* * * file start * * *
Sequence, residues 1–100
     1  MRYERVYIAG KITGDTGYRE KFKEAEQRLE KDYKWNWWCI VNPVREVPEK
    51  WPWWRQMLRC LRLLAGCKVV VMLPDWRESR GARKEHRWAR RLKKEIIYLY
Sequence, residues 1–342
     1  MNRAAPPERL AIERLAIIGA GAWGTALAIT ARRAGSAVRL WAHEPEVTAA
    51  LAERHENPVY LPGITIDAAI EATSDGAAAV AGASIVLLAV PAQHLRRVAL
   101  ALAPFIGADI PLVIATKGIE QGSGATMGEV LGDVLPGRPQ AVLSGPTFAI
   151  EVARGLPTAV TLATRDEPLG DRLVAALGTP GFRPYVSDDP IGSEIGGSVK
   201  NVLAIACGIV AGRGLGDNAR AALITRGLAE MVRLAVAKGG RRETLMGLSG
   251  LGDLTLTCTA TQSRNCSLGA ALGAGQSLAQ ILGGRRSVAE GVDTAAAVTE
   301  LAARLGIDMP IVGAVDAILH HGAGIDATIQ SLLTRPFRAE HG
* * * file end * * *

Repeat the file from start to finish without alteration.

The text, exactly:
Sequence, residues 1–100
     1  MRYERVYIAG KITGDTGYRE KFKEAEQRLE KDYKWNWWCI VNPVREVPEK
    51  WPWWRQMLRC LRLLAGCKVV VMLPDWRESR GARKEHRWAR RLKKEIIYLY
Sequence, residues 1–342
     1  MNRAAPPERL AIERLAIIGA GAWGTALAIT ARRAGSAVRL WAHEPEVTAA
    51  LAERHENPVY LPGITIDAAI EATSDGAAAV AGASIVLLAV PAQHLRRVAL
   101  ALAPFIGADI PLVIATKGIE QGSGATMGEV LGDVLPGRPQ AVLSGPTFAI
   151  EVARGLPTAV TLATRDEPLG DRLVAALGTP GFRPYVSDDP IGSEIGGSVK
   201  NVLAIACGIV AGRGLGDNAR AALITRGLAE MVRLAVAKGG RRETLMGLSG
   251  LGDLTLTCTA TQSRNCSLGA ALGAGQSLAQ ILGGRRSVAE GVDTAAAVTE
   301  LAARLGIDMP IVGAVDAILH HGAGIDATIQ SLLTRPFRAE HG